"Which of you had the twins?"

From 'The Gates Flew Open' by Peadar O'Donnell (Jonathan Cape, 1932).

Paudeen O'Keeffe was a restless little man with a fine pair of eyes and a waspish tongue. He came to us first in civils and was rather accepted as part of the queer trappings in the early jail days. I don't remember him figuring in anything in 'D' wing and indeed I didn't give him any special attention in the early days in 'C'. I first noticed him the night we decided to parade all our men for count. We had got fed up keeping two men hidden for it meant considerable inconvenience. Paudeen that night came in smartly as usual- he was now wearing the uniform of a captain in the Free State Army; he counted quickly, jotted down the number and hung on his stride; two men too many was nothing serious and he probably felt he had just counted an extra file. But he went back and counted again, this time more slowly; a third time he counted, saying the numbers out loud and then he wheeled around and faced Cooney. They were rather a contrast, for Paudeen O'Keeffe is about five feet seven inches and Andy Cooney must be six foot one. 'Jasus, Cooney', Paudeen explained, 'Which of you had the twins?'

Anti-Griffith Section

Padraig O Caoimh (POK) in conversation with Richard Mulcahy (RM) in 1964 (my edits).

POK: John Rooney was in Frongoch camp of course and Boland, a bodymaker too and I think he was working in Cork. He was no relation to the Bolands you and I know. He had the same profession or trade as Rooney. A tall man with reddish hair. He was anti-Griffith too.

RM: Who would be the people in the IRB now in that particular time who would be of that mentality?

POK: Well, I'll tell you who. The bloody ringleader was P.S. O'Hegarty. He came from London to meetings. Dinny McCullough, P.S. O'Hegarty, Bulmer Hobson. A man by the name of Kenny of Galway. He was a blacksmith. From that it started then you see. And that went up to until Mick Collins came along in 1917.

RM: Hold on. We are pre-Rising now. P.S.O'Hegarty wrote for the United Irishman on arms etc., the necessity for political force and that and while he was writing for that was he so much anti-Griffith that he would be prepared to tolerate the tearing down of Rooney's photograph?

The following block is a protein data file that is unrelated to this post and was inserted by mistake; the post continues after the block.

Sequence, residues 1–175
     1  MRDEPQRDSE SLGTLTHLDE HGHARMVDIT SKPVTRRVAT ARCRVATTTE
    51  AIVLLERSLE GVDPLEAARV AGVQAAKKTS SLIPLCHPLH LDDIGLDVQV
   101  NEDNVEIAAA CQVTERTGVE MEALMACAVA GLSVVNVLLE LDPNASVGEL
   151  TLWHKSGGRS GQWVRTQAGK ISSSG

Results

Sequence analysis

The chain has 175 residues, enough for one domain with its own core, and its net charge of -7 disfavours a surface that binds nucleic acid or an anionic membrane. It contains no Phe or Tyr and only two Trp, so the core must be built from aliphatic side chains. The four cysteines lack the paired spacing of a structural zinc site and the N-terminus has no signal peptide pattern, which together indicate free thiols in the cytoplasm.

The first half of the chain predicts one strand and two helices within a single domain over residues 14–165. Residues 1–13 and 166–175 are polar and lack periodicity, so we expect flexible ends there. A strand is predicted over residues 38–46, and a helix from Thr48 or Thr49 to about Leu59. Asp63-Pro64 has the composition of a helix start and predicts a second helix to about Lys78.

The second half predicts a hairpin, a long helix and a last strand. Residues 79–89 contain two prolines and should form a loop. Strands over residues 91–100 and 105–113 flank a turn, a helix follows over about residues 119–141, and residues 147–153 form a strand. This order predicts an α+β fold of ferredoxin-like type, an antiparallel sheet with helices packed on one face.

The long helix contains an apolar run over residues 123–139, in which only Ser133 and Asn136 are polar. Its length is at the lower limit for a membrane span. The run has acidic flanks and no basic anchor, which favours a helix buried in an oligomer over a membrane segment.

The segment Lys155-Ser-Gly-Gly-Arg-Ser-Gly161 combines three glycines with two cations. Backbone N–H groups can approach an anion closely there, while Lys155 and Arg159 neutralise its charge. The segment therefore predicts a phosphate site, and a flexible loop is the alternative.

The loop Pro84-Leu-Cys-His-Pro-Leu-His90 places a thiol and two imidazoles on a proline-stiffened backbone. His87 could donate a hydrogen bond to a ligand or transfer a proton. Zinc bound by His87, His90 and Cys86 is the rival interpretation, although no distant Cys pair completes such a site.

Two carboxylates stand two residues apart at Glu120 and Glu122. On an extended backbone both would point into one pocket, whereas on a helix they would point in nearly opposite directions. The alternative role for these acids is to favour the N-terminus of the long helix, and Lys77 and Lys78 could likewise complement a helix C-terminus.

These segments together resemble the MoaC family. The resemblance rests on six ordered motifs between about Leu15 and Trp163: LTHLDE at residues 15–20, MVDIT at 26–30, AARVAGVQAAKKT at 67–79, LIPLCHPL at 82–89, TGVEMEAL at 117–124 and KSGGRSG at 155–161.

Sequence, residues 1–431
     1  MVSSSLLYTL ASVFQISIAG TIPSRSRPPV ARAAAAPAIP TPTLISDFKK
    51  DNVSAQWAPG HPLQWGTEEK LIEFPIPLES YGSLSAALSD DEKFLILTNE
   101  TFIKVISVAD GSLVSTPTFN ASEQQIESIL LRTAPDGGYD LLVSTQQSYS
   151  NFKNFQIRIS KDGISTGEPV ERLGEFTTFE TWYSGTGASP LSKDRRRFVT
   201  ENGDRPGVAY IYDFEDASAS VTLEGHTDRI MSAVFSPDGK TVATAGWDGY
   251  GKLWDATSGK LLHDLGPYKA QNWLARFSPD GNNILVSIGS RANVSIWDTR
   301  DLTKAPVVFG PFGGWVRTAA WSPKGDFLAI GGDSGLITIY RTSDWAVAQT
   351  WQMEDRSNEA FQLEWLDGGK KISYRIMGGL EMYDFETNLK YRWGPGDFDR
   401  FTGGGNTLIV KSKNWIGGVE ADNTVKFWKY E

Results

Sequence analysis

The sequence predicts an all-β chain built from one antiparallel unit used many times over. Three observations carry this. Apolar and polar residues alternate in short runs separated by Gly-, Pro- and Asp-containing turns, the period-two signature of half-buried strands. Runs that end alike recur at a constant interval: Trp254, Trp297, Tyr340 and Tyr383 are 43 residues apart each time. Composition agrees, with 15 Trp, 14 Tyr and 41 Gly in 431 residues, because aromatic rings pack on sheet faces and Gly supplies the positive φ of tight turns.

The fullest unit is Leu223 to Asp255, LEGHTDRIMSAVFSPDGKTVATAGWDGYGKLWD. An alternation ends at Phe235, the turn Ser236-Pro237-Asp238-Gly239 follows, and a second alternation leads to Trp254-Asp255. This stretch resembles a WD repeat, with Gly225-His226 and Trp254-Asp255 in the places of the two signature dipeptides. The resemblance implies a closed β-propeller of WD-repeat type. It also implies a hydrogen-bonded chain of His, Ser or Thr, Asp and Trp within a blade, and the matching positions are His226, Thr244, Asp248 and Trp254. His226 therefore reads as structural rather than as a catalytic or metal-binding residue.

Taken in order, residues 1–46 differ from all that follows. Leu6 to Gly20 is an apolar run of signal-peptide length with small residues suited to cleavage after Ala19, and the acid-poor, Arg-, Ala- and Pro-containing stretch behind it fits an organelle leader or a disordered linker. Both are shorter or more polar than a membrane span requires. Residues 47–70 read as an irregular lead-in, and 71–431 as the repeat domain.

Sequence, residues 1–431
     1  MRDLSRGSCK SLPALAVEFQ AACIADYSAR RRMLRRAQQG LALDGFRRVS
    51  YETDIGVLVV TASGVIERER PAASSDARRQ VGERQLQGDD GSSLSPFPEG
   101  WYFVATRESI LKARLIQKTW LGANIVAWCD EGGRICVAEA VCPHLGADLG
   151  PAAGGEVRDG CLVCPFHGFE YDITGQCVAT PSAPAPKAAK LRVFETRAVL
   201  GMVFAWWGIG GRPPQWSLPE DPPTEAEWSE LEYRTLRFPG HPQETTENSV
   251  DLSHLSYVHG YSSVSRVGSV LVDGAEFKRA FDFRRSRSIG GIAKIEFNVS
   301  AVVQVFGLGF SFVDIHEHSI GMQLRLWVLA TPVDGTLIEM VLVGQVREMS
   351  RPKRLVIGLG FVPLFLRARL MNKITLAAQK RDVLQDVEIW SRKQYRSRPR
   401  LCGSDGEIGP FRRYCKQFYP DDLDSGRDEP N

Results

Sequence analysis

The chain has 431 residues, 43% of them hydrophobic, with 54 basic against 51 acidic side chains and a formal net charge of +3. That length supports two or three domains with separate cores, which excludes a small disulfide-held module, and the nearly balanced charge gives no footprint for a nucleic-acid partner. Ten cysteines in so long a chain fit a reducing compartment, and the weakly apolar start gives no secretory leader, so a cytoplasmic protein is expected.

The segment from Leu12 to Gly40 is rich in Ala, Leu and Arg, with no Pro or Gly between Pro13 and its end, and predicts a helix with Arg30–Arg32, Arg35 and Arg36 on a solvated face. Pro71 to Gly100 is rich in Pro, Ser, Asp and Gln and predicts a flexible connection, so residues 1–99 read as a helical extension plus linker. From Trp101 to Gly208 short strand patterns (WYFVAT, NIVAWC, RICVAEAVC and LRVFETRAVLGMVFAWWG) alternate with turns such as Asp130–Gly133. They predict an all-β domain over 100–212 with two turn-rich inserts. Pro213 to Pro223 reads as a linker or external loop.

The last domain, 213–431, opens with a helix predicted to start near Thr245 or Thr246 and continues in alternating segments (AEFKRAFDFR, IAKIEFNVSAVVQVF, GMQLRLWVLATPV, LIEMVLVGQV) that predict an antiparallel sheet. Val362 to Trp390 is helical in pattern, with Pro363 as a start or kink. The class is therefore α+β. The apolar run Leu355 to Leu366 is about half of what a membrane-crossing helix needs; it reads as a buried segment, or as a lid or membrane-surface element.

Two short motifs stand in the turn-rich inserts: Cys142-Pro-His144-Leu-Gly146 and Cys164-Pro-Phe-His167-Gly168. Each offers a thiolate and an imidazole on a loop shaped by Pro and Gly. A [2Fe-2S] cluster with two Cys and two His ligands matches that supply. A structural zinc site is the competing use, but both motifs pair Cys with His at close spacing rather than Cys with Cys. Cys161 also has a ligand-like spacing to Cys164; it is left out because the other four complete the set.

POK: Oh undoubtedly! No doubt about it. Oh without a doubt. Oh God yes. Oh undoubtedly!

RM: At that time did you have any connection with Sean O'Hegarty, the brother?

POK: No. I didn't know him. In 1910 he was in Cobh in the post office.

RM: But now, in the meantime while this anti-Griffith racket was going along, you were a member of of the IRB in Dublin.

POK: I was.

RM: And you went to your weekly meetings, your monthly meeting, and am I right in saying that until the Volunteers were formed that it was a monthly roll-call where you paid your shilling before you went to your Gaelic League classes, or to your pub, and it never lasted more than a quarter of an hour,?

POK? Well it would be half an hour , roughly.

RM: And you never got any subjects to discuss, or advice, or argument, or anything and you accepted the political situation for what it was.

POK: The man who came to see us, he was manager of White's, he was a Protestant, he wore a whisker. He was a Wicklow man. Oh what was his name? Sure I knew him well. I don't say he was terribly brainy or anything like that.

RM: Well now, in the meantime then you were still meeting in 41 (York Street?) and you may have gone from the basement upstairs a bit?

POK: Sometimes.

RM: Well were you still drilling?

POK: We didn't start drilling I'd say until 1911 or 12. I wouldn't be sure of that now. But certain enough we were drilling in 1912. 

to be continued...........